[Mono-dev] Coroutines, Monoco, and why we love them.
lucas at lucasmeijer.com
Fri Nov 21 12:55:36 EST 2008
At the Unite conference, I was delighted to meet up with Miguel, as that
would let me underline the parts of mono (existing or nonexisting) that
are very important to our mono using projects. He asked me if I could
write a message to mono-dev explaining not only privately why these
things are important to us.
We're working on a multiplayer MMO game. The backend is written in c#
running on mono, the client uses Unity3D, whose scripting is powered by
Eariler in the project the plan was to write the backend in Stackless
Python, because of its coroutines support. I was thrilled to find Tomi
Valkeinen's MonoCo. (http://www.bat.org/~tomba/monoco.html) (Thanks
Tomi!). MonoCo brings stackless style coroutines to mono, and this made
us switch to mono.
Monoco makes my life a lot easier. Often monoco or stackless python are
mistaken for a solution to multithreaded problems. It is not. I consider
it an elegant implementation of asynchronous programming. Imagine this
piece of backend code asking a player what move to make:
//excuse the c# <> pseudocode mix.
public class ImaginaryBackend
public void NeverEndingGameLoop()
while (players.Count > 0)
PlayerAction pa =
//this call has blocked our "microthread'
//the returned message is immidiately available on the
next line of code.
if (!pa.Validate()) pa = new EndTurnPlayerAction();
where the meat is in the "AskWhatToDo" method call. Somewhere in this
methodcall, a request packet gets sent to our player, with some
questionID. this microthread then gets put "in the fridge". while the
packet is travelling trough a series of tubes, my other microthreads are
happily running. When the player responds (tagged with the same
questionID), the network reading code sees that there is a microthread
in the fridge, that is waiting for an answer to the question that this
incoming message is answering. So it "requeues" the microthread, and
supplies it the incoming message.
So I can program as if the call were a blocking call, but the behaviour
does not block my (most likely only) thread. my other code can keep on
running. Basically it's an alternative to a state machine.
Another example is in scripting behaviour for computer controlled agents
in a game:
public class AnnoyingDragon
public void MicroThreadEntryPoint()
With each of these calls "blocking" the microthread untill the action
has actually completed.. The non-coroutines solution to this problem
would look like:
public class AnnoyingDragon
public void Update()
DragonState mystate = DragonState.Idle;
mystate = DragonState.WalkingToBridge;
if (!closeEnoughTo(bridge)) return MoveMoreTowards(bridge);
mystate = DragonState.OpeningBridge:
if (!Bridge.FullyOpen()) return Wait();
mystate = DragonState.WalkingToCastle;
if (!closeEnoughTo(castle)) return MoveMoreTowards(castle);
mystate = DragonState.OpeningCastleDoor;
if (!castledoor.FullyOpen()) return Wait();
mystate = DragonState.PuttingWholeFreakinCastleOnFire;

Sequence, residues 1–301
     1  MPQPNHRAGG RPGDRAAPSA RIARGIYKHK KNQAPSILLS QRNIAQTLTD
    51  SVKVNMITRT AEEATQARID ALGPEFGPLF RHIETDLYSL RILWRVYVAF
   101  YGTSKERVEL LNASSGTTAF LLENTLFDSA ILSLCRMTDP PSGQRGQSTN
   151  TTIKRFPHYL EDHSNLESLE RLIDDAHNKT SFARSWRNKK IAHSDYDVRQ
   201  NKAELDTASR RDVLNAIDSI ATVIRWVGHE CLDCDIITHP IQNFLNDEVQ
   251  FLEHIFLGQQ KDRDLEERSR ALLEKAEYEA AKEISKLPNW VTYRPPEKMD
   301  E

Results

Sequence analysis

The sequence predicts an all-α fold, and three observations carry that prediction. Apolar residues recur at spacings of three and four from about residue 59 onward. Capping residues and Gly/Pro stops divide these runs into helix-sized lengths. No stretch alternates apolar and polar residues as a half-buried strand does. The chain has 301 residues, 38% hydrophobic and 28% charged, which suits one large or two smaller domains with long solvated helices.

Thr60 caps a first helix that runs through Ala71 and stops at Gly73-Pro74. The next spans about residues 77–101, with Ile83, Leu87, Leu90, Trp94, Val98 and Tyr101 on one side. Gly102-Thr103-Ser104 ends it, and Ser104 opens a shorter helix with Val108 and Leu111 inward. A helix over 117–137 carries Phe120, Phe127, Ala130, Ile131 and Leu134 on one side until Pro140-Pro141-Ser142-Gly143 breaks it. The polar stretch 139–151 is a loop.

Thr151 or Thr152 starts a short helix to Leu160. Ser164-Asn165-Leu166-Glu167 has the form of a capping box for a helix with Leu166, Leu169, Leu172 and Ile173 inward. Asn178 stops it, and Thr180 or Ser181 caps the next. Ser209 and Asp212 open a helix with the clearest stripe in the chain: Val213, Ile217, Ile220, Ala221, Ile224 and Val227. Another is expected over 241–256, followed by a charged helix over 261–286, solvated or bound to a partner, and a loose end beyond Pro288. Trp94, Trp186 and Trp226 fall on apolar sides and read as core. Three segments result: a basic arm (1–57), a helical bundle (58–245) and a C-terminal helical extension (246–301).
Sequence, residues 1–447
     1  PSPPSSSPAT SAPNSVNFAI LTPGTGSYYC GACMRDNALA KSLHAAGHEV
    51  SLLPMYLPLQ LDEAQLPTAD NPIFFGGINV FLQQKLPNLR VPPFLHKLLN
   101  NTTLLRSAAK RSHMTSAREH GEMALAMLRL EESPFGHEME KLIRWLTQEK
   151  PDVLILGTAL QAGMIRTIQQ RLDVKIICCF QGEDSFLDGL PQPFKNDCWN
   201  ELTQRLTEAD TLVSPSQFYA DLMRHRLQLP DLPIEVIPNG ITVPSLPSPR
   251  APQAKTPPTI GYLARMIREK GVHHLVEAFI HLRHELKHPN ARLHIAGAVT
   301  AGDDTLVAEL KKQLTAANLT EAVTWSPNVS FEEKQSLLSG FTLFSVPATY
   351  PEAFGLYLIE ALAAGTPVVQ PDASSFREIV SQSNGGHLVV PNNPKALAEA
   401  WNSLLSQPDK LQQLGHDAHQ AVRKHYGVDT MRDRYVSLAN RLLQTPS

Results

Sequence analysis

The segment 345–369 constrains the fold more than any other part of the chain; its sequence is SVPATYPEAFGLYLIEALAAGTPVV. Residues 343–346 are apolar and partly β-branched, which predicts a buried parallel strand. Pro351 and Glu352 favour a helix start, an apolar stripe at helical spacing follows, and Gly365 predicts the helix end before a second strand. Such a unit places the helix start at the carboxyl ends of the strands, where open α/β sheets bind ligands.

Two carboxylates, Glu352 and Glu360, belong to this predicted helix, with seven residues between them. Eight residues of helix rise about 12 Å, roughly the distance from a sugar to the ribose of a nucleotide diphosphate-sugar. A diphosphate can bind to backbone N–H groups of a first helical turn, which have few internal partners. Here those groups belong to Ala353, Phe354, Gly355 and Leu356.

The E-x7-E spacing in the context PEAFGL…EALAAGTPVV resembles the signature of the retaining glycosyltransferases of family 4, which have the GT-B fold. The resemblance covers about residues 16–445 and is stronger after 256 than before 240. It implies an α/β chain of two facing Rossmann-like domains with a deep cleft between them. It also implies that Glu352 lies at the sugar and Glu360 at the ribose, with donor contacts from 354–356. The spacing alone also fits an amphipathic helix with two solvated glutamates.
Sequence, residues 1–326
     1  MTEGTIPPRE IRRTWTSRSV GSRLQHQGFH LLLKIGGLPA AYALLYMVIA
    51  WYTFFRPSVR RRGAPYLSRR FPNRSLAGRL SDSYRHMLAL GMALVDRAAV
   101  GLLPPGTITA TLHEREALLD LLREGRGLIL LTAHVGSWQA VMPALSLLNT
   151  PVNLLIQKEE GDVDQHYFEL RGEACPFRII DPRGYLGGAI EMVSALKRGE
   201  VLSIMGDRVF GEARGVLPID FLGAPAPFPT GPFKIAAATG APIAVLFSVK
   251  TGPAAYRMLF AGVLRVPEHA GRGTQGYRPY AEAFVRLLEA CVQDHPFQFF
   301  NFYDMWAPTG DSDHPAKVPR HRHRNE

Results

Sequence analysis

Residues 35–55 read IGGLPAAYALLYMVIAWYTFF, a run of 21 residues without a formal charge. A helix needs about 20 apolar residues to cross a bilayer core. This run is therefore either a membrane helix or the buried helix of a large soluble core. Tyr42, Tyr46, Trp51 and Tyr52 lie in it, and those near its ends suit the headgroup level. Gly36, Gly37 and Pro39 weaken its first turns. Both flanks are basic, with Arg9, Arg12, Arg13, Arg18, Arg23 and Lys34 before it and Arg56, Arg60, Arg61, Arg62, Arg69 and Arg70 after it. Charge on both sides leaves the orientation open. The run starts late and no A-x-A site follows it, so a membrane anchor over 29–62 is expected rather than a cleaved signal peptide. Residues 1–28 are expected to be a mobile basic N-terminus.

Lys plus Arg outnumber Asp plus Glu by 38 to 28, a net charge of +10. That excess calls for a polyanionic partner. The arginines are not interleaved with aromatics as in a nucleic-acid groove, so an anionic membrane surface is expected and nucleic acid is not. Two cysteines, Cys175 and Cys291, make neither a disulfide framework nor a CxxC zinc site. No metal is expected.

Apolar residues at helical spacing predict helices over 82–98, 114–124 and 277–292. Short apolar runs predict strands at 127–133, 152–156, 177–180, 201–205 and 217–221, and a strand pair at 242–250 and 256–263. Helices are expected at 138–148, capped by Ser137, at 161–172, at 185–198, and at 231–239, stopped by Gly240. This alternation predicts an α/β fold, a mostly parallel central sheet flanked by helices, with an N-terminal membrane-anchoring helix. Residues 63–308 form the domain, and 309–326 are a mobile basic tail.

if (!EverythingBurning(castle)) return ThrowMoreFire();
so the coroutine approach basically allows us to store the "state" of an
object on the callstack, instead of having to remember it "myself" from
one frame to the next. Granted the state machine example here could
probably be written a bit more elegantly, and I am not showing the code
inside the methods that the coroutine variant is calling, but I hope
this example illustrate the convenience coroutines bring to people who
would otherwise have to resort to a state machine to deal with their
asynchronous programming problems.
Please realize I'm not saying that the current implementation of MonoCo
is good (or bad). I'm just looking at it from a user's point of view. I
know next to nothing about the internals of the VM.
Other elements that are very important to our game development
activities, are being able to use the visual studio debugger on a mono
process. I just cannot wait until that beta starts. We type all our
code in Visual Studio. I hope I'm not stepping on any toes here, but I
feel it's just such an enormous productivity enhancement, it feels quite
silly to write anything more than a hello world program in a text editor
that has no understanding of the programming language you're typing into
it. We love visual studio, and I cannot wait until I can use its
debugging facilities to replace my printf based debugging.
We're extremely happy that the Unity3D folks (an engine I can highly
recommend), chose Mono as their scripting provider, as it allows us to
run the same code on the clientside and the serverside of our game.
(pathfinding, collision detection, etc etc). having it in the same
languages saves a lot of dev time, and bug tracking time.
Phew, this turned into a long post. Anyway, this was a message from a
very big Mono fan. Thanks to all the people that have made it to what it
is today, Mono is one of the best things that have happened to our game
development process in quite some time.
PS Excuse a possible doublepost. Email weirdness in full swing.
-- Game Development Blog: http://lucasmeijer.com/blog
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